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Hot oil treatment trial slated to start Monday

Lying in bed, the smell of cooking oil wafting in from the kitchen, Michael Ndaradzi thought his girlfriend was cooking a conciliatory breakfast after an argument the day before.

So begins the tale prosecutors are expected to lay out in Montgomery County court today at the start of the assault trial of Thembisile Maseko, who is accused of carrying scalding oil into the bedroom and tossing it on Ndaradzi. He suffered blistering burns to his face, torso and left arm, and by the time officers arrived, parts of his skin were peeling off, according to police reports.

But Maseko's attorney, in pretrial court filings, has presented a defense that is just as unsettling: Maseko’s actions that day were governed by years of abuse that resulted in a condition called Battered Woman's Syndrome.

"She became significantly depressed and felt intimidated, helpless and powerless," an evaluating psychiatrist wrote on Dec. 16. "The incident occurred in the context of these dynamics."

The trial is expected to last at least four days. Prosecutors would like jurors to concentrate on what police and the burn victim say happened the morning of July 6, when officers were called to a report of domestic violence inside an apartment on Crystal Rock Drive in Germantown.

"Ndaradzi was visibly shaking and covered with oil," police wrote.

The officers found Maseko, a dental assistant, in an apartment downstairs. She initially told them Ndaradzi choked and attacked her in the kitchen, so she picked up a pan of hot oil and threw it at him, according to police reports. But the story fell apart when officers started looking around, according to the reports.

In the kitchen they found no oil spots, but in the bedroom they found oil on the walls, ceiling and bed linens. Maseko was charged with first-degree assault and reckless endangerment.

Ndaradzi underwent multiple skin grafts, and still wears a body compression suit to treat his injuries, according to prosecutors. He is expected to testify.

Prosecutors and defense attorney Barbara Graham still are arguing about whether Graham will be able to present expert witnesses on Battered Woman’s Syndrome. That debate is expected to continue at a pretrial hearing today.

Graham wants to call to the witness stand Ellen G. McDaniel, who evaluated Maseko on Nov. 24 for six hours. According to a summery of that evaluation, Maseko was born in South Africa, where she suffered abuse growing up. She excelled academically, cleaned and cooked for her siblings, competed in beauty pageants, and eventually came to the U.S. to pursue an au pair position, McDaniel wrote.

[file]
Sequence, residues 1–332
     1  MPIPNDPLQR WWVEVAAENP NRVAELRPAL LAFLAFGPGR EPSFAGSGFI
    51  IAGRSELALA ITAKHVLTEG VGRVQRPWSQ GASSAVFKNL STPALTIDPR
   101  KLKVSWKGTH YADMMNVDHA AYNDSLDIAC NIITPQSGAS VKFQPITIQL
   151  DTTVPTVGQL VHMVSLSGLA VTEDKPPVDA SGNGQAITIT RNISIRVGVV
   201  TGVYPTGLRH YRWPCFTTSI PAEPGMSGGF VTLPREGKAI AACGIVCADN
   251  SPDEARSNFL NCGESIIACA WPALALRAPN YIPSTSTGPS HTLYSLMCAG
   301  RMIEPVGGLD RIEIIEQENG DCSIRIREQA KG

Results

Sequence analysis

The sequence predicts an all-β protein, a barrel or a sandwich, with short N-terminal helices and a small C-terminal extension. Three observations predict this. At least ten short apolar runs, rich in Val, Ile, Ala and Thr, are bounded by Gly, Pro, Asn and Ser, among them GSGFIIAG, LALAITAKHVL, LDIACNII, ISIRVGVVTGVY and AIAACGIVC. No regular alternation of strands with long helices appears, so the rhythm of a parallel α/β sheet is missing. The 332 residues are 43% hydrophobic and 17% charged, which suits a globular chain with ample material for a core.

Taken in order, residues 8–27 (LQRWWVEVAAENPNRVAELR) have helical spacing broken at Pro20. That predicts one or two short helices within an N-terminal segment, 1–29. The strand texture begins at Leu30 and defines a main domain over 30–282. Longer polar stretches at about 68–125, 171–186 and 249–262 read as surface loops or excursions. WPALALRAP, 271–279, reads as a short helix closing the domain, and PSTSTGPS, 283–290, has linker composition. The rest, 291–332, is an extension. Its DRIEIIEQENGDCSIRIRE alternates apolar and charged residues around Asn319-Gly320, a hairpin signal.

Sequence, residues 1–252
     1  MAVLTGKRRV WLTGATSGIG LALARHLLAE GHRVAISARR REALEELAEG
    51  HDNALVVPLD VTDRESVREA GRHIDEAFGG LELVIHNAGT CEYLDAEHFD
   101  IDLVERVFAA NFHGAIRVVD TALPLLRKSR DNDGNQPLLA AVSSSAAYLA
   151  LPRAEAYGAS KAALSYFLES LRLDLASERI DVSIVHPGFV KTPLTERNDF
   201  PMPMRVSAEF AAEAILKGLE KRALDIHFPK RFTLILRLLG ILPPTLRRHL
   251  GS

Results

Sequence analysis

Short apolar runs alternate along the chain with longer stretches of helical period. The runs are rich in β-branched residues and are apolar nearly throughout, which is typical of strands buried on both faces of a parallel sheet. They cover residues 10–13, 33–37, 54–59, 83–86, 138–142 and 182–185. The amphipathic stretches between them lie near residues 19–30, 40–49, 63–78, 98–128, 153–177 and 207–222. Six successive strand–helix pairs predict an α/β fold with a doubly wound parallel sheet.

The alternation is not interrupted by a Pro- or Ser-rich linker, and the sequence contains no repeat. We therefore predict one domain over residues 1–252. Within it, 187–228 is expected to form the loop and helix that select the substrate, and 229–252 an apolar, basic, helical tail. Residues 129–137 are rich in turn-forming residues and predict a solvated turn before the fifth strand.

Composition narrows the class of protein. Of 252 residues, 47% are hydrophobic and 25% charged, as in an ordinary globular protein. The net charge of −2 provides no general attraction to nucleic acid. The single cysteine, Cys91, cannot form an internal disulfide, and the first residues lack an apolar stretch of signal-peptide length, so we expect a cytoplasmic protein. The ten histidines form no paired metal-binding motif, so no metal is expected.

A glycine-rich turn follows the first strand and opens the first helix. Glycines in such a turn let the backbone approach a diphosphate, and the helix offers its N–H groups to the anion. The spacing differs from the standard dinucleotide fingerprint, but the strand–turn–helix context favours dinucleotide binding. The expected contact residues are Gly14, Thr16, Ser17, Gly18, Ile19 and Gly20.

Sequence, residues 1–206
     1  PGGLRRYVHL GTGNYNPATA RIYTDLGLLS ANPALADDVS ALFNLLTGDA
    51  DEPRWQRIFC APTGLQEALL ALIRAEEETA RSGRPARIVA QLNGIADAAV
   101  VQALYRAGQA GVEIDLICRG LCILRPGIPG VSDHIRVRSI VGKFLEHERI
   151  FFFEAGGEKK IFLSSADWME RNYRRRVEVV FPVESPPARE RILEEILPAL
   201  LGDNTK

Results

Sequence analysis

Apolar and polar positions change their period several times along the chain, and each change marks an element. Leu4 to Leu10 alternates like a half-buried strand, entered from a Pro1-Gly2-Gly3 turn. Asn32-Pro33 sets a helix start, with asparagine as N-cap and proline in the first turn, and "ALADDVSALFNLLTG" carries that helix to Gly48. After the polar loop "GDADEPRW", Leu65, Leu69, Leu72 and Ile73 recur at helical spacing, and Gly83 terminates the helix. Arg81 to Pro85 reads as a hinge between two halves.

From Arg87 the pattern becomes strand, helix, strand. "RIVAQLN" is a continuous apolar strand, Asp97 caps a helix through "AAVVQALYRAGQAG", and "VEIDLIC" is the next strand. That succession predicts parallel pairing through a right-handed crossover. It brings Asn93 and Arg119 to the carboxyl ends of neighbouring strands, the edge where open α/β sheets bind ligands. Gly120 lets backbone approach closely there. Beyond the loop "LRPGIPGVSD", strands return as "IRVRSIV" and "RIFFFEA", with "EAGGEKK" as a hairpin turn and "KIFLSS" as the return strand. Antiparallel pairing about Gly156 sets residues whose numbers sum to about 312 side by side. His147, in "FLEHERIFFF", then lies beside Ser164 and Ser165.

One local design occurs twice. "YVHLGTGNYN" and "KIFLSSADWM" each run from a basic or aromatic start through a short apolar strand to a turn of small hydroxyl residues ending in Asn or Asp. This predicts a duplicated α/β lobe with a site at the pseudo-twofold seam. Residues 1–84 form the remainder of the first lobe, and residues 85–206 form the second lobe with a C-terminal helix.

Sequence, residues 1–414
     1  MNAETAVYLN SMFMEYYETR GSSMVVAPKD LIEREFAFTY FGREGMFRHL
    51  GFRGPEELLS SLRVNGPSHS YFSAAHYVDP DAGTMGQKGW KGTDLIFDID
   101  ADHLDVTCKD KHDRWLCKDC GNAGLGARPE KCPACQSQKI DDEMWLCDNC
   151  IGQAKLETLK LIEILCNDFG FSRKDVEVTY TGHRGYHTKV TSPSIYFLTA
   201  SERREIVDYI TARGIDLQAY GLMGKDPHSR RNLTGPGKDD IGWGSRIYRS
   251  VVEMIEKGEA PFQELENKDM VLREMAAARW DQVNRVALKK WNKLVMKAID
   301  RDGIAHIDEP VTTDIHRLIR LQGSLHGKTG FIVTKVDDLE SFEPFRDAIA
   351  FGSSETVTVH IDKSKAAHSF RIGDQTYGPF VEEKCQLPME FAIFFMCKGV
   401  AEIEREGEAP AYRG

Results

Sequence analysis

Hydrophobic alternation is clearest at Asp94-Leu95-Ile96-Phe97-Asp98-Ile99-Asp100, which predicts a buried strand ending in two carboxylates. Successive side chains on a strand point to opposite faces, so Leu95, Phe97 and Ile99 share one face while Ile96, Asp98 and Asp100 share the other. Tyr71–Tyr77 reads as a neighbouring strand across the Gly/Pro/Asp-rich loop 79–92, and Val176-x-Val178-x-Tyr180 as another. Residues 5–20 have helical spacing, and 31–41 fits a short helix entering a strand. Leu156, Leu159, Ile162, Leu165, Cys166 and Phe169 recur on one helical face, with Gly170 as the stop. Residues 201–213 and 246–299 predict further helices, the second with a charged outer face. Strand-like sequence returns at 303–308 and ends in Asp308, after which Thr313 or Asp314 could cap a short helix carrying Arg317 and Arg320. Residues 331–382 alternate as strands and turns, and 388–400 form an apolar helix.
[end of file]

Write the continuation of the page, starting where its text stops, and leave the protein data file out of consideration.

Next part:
Maseko met Ndaradzi in 2006, and the next year they had a son together. Also in 2007, Ndaradzi slapped and assaulted her, abuse that continued, according to McDaniel’s report. On July 2, 2009, Ndaradzi became violent, and it lasted on and off for four days, according to the report.

"Ms. Maseko said she could not stop crying and told Mr. Ndaradzi he had to leave," McDaniel wrote. "He did not respond and Ms. Maseko said she went into the kitchen to distract herself by cooking. She returned to the bedroom where Mr. Ndaradzi was and told him again he had to leave. She had the cup of oil in her hand. Mr. Ndaradzi started insulting her but then noticed the cup. He 'jumped out of bed' and tried to get the cup. Ms. Maseko felt overpowered and as he began pulling the cup away from her, she let go of it. The oil spattered, hitting Mr. Ndaradzi."

There's a problem with that defense, according to prosecutors, who say you can't advance Battered Woman's Syndrome, also called Battered Spouse Syndrome, and unintentional behavior at the same time.

"The Battered Spouse Syndrome is intended to allow a criminal defendant to introduce otherwise irrelevant historical evidence to explain the defendant’s state of mind at the time he or she committed the crime," prosecutors Teresa Casafranca and Jessica Hall wrote recently. "If a defendant, such as this defendant, does not agree that he or she acted intentionally, then there is no factual foundation for self-defense."

By Dan Morse  |  January 4, 2010; 11:00 AM ET
Categories:  Dan Morse , From the Courthouse , Montgomery  
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